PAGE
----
The night is always darkest before the dawn, they say. Is that true for crypto, too? Well, last week the Chinese crack down (again) and for Bitcoin et al the end seemed nigh (again). One week on and the BTC prize not only recovered its losses, no, there is also some evidence that the Chinese government actually has an interest in cryptos thriving, but we get to that in a minute. We’ll also cover that the real money is elsewhere and that only technology can solve one of the biggest problems in finance. Here’s the latest FinTechnologist Weekly:
The Future of Bitcoin and If You Really Don’t Want to Pay Taxes
Calling the Shots on BTC
Once more it looked like the beginning of the end for cryptocurrencies when China’s regulators declared all transactions of Bitcoin and other crypto-currencies illegal. There are a number of reasons why the Chinese did what they did and the continuous blackouts across the country are only the most visible manifestation of the country’s energy problem. Still, the mechanics of financial markets are seldom black and white and cryptocurrencies (once more) are no different. Following the news, I came across a tweet, which in turn took me to an interesting overview of who holds all the Bitcoin. The title is slightly misleading since the overview is far from being comprehensive despite the apparent transparency Blockchain is known for, but still quite an achievement and some interesting stuff here. For instance, the fact that the Chinese Government holds billions in Bitcoin and other cryptocurrencies. The table shows holdings of 194,775 BTC. At the current rate of $48,239 per bitcoin, that stake has a value of $9,410,943,675 but given the highly volatile it isn’t more than a snap-shot. More interesting is its percentage of the total of BTC in circulation, which is at least 0.928%. I say at least, because if you check out the respective source, you’ll find that the holding comes from seizing of $4.2 billion cryptos as part of the PlusToken Ponzi crackdown. That means that China recovered not only the 194,775 BTC during this operation but also 833,083 ETH, 1.4 million LTC, 27.6 million EOS, 74,167 DASH, 487 million XRP, 6 billion DOGE, 79,581 BCH, and 213,724 USDT. Hence, China might actually hold more than that since it hasn’t been the only law enforcement action where it recovered cryptocurrencies. Having said that the stake could, however, well be lower than that since this particular crackdown happened almost a year ago. If you like conspiracy theories, you will certainly deduct that this is all part of a Chinese scheme profiting from price fluctuations in bitcoin. Personally, I think that goes a bit far and I’m not really sure how much Chinese regulators take into account how big their own stake is when they take these decisions. The current energy crisis possibly might indeed a more important element, but who knows?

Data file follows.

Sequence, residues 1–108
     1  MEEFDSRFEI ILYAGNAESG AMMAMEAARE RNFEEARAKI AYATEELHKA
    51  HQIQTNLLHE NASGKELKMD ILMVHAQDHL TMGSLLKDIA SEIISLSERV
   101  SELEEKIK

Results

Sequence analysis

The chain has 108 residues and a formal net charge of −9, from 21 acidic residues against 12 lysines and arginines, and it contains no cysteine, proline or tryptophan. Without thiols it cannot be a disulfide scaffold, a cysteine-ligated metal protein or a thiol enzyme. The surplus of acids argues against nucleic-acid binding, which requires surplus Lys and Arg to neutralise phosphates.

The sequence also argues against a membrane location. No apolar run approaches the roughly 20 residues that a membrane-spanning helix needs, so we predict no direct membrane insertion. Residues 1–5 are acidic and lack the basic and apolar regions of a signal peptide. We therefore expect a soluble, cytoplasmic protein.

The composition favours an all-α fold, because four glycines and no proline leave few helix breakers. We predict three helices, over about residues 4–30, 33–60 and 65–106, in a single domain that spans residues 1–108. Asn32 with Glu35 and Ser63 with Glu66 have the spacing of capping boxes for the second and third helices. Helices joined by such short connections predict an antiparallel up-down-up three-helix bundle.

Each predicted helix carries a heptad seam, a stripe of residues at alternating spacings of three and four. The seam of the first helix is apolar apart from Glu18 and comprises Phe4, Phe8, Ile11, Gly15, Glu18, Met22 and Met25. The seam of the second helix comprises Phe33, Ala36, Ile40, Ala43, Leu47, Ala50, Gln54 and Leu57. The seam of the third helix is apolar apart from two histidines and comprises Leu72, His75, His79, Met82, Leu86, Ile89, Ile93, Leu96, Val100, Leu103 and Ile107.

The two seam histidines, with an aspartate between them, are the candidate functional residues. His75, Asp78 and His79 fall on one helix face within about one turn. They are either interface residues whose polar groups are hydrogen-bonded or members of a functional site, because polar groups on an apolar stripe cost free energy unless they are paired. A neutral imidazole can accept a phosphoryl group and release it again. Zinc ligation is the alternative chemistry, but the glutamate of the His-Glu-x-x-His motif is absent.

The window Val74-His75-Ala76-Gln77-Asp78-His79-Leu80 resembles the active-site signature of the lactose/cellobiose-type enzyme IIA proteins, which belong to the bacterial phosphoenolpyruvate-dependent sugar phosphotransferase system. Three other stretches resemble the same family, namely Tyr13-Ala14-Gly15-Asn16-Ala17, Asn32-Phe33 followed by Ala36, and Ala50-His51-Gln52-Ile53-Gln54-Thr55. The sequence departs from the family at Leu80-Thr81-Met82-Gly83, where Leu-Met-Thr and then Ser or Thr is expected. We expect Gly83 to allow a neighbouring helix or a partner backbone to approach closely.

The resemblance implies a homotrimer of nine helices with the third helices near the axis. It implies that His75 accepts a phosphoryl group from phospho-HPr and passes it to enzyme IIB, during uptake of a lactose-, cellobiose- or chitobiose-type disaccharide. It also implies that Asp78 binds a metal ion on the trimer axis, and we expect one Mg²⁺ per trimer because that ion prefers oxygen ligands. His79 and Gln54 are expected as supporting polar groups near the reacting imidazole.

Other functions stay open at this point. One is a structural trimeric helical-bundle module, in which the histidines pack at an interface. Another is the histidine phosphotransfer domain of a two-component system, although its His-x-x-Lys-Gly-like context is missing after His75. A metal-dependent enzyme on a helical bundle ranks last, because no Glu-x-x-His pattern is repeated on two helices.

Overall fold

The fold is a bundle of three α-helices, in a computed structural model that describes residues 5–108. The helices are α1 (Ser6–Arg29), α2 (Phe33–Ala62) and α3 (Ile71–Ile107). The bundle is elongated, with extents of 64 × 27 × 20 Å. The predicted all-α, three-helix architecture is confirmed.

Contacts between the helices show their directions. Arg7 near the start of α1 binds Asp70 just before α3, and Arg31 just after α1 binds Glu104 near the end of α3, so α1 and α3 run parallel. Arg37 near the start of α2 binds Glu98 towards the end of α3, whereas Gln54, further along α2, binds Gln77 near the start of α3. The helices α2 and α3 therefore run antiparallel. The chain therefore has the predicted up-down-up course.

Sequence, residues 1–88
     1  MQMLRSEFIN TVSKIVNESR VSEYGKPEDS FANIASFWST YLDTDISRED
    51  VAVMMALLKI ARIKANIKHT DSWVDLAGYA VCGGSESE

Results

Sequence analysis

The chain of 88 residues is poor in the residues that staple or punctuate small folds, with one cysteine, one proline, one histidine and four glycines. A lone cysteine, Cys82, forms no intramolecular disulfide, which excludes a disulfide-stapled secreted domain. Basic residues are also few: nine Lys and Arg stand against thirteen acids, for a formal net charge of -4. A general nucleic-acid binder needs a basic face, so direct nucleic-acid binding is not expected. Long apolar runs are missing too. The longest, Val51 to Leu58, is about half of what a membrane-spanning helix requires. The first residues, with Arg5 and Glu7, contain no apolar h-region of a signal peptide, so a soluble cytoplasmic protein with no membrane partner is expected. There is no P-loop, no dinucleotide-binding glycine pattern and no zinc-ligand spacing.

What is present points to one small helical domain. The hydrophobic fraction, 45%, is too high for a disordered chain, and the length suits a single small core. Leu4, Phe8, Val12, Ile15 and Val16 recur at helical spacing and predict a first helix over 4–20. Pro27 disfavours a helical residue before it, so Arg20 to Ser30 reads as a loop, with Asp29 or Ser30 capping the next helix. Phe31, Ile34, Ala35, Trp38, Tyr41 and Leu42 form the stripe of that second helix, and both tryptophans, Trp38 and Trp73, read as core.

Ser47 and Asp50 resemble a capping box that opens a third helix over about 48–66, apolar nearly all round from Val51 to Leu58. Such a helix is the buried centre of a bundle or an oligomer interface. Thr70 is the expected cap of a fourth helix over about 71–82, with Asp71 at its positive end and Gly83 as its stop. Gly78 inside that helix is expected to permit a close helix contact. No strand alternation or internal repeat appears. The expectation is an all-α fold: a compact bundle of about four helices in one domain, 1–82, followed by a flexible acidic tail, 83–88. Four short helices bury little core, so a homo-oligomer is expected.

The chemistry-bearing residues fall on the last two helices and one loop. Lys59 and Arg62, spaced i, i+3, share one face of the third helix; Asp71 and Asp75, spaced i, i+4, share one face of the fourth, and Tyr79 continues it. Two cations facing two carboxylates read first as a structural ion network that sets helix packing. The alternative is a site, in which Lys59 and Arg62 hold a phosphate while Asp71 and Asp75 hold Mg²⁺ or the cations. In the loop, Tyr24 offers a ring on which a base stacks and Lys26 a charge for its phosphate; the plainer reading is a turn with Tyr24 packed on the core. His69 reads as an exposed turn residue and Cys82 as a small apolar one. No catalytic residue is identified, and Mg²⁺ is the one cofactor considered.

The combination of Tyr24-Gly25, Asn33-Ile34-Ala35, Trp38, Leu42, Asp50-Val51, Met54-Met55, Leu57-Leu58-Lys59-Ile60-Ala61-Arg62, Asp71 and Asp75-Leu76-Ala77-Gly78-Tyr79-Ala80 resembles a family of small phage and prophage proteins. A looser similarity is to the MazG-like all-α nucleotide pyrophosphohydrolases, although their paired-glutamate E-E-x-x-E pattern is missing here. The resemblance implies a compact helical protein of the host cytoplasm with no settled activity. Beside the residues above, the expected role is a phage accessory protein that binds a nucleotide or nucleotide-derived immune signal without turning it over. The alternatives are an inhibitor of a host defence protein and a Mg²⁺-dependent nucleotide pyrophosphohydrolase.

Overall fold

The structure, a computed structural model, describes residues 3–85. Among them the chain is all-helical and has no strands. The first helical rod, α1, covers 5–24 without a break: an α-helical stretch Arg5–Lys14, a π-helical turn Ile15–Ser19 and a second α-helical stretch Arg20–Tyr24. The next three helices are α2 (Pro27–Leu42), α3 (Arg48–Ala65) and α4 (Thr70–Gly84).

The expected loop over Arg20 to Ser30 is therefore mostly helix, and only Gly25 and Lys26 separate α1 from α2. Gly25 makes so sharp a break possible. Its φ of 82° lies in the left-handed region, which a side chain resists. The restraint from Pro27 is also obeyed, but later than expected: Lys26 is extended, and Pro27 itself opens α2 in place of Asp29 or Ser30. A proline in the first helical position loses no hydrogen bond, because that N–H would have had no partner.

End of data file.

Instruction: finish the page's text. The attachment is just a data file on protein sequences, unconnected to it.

Big Money in Real Finance
$10bn might sound a lot to you, but to understand how much money circulates elsewhere in finance, check out the report this week on the FT that investment bank fees soar past $100bn on M&A boom in the first nine months of 2021. It says that top banks and leading boutique advisors have benefited from the boom in mergers and acquisitions as well as red-hot equity capital markets. These are record numbers and outstrip any other year since the start of the millennium. M&A has seen a real frenzy and fees are worth more than $60bn so far. Add to that the $52bn lenders have made underwriting loan and debt offerings and you are well past the hundred billion mark. The biggest profiteers of these record numbers are five American banks with JP Morgan and Goldman Sachs being the frontrunners hauling in a combined $18bn in fees. And talking about frontrunners, the biggest deal so far has been merger of Discovery and Warner Media and that in itself is a tale worth reading (apparently it all started when the CEO of Discovery couldn’t play golf, felt bummed and instead contrived the idea with his golf pal from AT&T). You see, it takes a lot of experience and connections to pull of deals of that size and you might be tempted to say that they earned the money, but, still, that’s an awful big number. Before we all turn to communism for the apparent solution, I’d suggest we move on to the next item on the agenda.